Wednesday, January 23, 2013

Australian Bluegrass

By Justin Eubanks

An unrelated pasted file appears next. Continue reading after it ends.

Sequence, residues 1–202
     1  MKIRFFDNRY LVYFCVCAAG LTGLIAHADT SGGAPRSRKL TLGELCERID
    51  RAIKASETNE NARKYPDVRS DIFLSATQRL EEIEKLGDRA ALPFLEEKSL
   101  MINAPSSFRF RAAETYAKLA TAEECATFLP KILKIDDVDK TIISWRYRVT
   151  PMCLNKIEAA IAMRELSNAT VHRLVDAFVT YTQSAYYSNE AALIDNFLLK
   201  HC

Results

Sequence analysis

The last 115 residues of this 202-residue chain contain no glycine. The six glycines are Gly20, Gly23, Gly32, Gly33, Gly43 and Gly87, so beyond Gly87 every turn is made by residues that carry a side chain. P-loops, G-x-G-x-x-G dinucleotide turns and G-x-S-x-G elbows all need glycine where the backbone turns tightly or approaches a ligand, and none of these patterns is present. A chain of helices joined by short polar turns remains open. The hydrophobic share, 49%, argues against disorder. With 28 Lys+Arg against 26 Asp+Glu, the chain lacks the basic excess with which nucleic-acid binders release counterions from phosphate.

G’day from the sunny land of Australia! After returning from our adventures in the Blue Mountains I decided it was time to start buckling down and getting ahead on my musical research project, which involves doing what I love most: meeting friendly people, seeing music, and playing music with my newfound Australian friends. In between morning lectures and our afternoon excursions, the past week has been a whirlwind of music, new friends, and jam sessions extending into the wee hours of the morning. To start my research project I got in touch last week with various musicians and music lovers through the Sydney Traditional & Old-Time Music Society, and they’ve welcomed me with open arms. The Society has been around for about thirty years, and is comprised of a very tight knit group of musicians and fans in Sydney who all perform with each other, host jam sessions, and support all the different types of bluegrass and old-time music that comes through town. On Tuesday night I met up with Jenny Shimmin, a wonderful woman who has been a thirty-year fixture in the Sydney bluegrass scene and one of the best banjo players I’ve had a chance to play with. After getting to know each other a bit and chatting about music at some length and the instruments we play we realized that we have both been struggling to learn the art of fiddling, which is no easy task to pick up. After a wonderful home-cooked meal we decided to bust out our fiddles and show off our skills (or lack thereof). After hammering away on some screechy fiddle tunes for a bit we decided to switch to our primary instruments and delve into the world of Australian bluegrass. I was instantly blown away by her playing and her level of musicianship and dedication to the banjo. It’s certainly not something you see every day, and the last thing I expected in Sydney was to find a sixty year old woman who is a world-class banjo player who has brushed shoulders and jammed with some of the greatest banjo players of the past century. Jenny invited me to come to one of her gigs two nights later, at a pub called the Green Room in a neighborhood called Enmore. It was just a few kilometers from where our Lewis & Clark group is staying but I hadn’t gotten a chance to check it out yet so I got there early and explored the neighborhood a little bit.  It was very refreshing to find a part of Sydney that wasn’t full of tourist shops and endless Chinese food restaurants. Her band, Oh WIllie Dear, is comprised of Jenny on banjo, Anna on fiddle  who recently moved back to Sydney from London, and two guitar players and singers both named Daniel. I was very impressed by their extensive repertoire of classic American bluegrass songs as well as their soulful, heartfelt original tunes, and it was clear that there is a very high level of musicianship for all the members, with each of them setting a high standard for themselves and each other.  After their set was over Jenny introduced me to some of their friends, an eclectic and delightful group of people. I met the main coordinator of the Sydney Bluegrass Society and she invited me to join them on Saturday to the Illawarra Folk Festival, located in Wollongong about 80 kilometers south of Sydney. I had no idea just what an adventure lay in store.